It’s easy to make a despicable villain. Just have him (or her) kick a puppy, beat up a baby, and push an old lady in front to traffic. In bad movies, the villain is evil for no apparent reason, just to be evil. That makes us cheer for the hero to defeat the villain, but it also makes for a fairly weak story.
The best way to make your villain despicable isn’t to keep making him or her bad. Instead, mix the bad in with the good and make your villain likable and even noble. That makes the villain far more memorable and terrifying all at the same time.
In “10 Cloverfield Lane,” the villain appears to be a nut case who has kidnapped a woman and is holding her prisoner in an underground shelter. The hero thinks this man must be crazy until she escapes from him and nearly gets to the outside door — only to find another woman screaming to be let in. That’s when the hero realizes the villain was telling the truth. Some disaster really did happen outside to make the air unlivable, and he really did save her by keeping her in the shelter.
Because the villain really did save the hero’s life, he becomes much more despicable when she later learns that he also kept another woman prisoner in his underground shelter as well. Now instead of being just someone who only does evil 100% of the time, the villain is both evil and likable at the same time. This conflicting emotion makes him more terrifying as a villain.
In “Avatar,” the villain is the Marine commander who initially befriends the hero. Since both are Marines, it’s only natural for them to work together. Only later when the hero changes and learns to live with the natives that he realizes he was initially wrong to think of the natives as aliens and nuisances to be moved. In this case, the villain is still the evil guy he always was, but the hero realizes he was also much like the villain in thinking the same way. Because the Marine commander villain was initially nice to the hero, it makes his actions against the hero at the end a bit more terrifying by the contrast.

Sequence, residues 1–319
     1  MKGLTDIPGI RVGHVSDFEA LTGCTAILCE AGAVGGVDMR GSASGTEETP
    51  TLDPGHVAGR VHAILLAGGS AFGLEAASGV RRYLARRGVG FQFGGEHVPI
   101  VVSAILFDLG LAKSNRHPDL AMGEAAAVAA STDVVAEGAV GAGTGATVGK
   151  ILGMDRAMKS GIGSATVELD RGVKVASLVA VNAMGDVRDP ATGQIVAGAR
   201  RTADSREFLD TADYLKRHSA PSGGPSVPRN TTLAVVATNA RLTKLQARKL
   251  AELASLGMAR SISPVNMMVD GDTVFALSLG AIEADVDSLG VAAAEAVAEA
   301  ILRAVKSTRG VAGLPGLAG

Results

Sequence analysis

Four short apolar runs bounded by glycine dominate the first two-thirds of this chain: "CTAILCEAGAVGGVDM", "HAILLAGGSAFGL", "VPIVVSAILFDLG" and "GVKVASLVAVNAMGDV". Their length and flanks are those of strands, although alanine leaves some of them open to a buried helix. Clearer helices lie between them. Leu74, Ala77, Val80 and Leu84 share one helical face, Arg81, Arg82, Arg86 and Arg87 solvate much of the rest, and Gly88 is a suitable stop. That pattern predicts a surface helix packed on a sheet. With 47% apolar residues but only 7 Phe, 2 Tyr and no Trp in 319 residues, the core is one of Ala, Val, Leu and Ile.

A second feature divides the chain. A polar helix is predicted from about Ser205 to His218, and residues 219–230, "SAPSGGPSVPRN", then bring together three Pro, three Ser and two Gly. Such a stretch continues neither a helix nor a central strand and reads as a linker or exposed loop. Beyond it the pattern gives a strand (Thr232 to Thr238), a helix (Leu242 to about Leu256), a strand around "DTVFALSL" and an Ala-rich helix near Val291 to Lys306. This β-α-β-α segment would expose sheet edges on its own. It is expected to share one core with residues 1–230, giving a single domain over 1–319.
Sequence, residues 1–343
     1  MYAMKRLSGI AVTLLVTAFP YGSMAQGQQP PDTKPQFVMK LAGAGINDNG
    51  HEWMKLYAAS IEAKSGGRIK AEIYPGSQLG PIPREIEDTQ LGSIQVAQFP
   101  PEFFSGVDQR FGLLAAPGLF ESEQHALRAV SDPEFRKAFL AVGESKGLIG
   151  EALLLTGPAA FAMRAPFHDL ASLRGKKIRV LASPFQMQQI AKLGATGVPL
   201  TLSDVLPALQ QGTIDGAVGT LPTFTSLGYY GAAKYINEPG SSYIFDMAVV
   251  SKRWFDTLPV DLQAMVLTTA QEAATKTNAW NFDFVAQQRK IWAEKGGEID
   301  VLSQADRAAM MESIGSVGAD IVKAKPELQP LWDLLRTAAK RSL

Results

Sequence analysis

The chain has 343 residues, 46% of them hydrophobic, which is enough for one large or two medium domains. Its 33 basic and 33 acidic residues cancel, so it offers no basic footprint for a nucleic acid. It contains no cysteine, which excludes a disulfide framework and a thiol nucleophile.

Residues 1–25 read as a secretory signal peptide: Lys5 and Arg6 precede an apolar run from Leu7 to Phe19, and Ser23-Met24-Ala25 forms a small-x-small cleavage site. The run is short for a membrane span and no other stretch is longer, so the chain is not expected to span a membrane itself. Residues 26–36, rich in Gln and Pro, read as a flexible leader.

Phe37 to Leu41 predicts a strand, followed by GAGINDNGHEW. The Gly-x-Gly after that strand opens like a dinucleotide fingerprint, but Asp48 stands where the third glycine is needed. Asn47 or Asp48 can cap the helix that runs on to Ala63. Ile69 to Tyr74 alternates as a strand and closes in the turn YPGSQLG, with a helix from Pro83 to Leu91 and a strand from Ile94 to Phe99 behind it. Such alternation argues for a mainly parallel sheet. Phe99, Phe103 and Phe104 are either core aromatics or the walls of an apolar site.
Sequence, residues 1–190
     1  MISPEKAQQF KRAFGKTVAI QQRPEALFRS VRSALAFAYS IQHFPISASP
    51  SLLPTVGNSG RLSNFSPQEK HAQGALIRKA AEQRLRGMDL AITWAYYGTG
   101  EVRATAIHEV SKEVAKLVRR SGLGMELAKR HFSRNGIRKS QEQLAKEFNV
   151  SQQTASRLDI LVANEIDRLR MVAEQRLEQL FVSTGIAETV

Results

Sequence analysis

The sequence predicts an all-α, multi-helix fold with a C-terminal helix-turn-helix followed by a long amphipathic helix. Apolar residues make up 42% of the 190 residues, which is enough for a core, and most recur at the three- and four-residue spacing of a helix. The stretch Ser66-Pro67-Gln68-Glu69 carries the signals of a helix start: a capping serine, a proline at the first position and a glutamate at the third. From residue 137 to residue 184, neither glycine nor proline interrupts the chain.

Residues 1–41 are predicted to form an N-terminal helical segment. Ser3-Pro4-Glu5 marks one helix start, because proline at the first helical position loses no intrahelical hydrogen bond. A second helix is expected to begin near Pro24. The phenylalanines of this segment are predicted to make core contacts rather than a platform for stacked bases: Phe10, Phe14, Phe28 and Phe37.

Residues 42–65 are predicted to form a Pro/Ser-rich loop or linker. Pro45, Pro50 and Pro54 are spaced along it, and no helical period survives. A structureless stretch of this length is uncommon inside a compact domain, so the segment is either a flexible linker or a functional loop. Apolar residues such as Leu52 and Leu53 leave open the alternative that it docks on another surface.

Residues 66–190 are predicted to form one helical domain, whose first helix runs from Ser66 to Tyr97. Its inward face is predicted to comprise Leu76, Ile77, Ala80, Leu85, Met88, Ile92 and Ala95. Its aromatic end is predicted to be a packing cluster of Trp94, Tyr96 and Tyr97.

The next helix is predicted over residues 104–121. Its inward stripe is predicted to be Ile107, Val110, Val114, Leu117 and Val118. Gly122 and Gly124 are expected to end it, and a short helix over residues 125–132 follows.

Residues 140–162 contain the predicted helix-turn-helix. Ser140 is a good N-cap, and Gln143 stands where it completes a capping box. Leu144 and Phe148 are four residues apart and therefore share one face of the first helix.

If a villain is evil from start to finish, it’s easy to hate him or her. However if the villain is nice to the hero for legitimate reasons and then later opposes the hero, that contrast makes the climactic battle more interesting because someone nice has turned against the hero.
Another way to make villains scarier is to make them highly intelligent. A physically imposing villain is scary enough but if he or she is also smart, that makes the hero’s task to defeat the villain even harder.
In “Die Hard,” Hans the terrorist leader is vicious by shooting the corporate president in cold blood in front of everyone when he refuses to open the vault. Now we know Hans is physically dangerous, but when he shows his cleverness by changing his voice when he accidentally meets the hero, now he becomes an even scarier villain. How can the hero defeat a physically stronger villain and one who seems so smart as well? That makes the conflict at the end more frightening and more in doubt.
In “Inglorious Basterds,” the Jew Hunter is a powerful but highly intelligent Nazi who relishes finding and killing Jews. Not only does he have the whole Nazi army practically at his disposal, but he’s also clever enough to determine who the hero’s friends really are so he can identify and kill them. His intelligence makes him scarier than all the guns he might have.
So don’t make your villain completely evil. Make your villain good in some way. That can mean making your villain actually do something useful for the hero like saving her life in “10 Cloverfield Lane,” or it could mean making the villain intelligent and clever like in “Die Hard” or “Inglorious Basterds.”
The more intelligent and noble your villain can be, the more terrifying your villain will become for the hero to defeat in the end, and that makes the climactic battle worth watching and waiting for.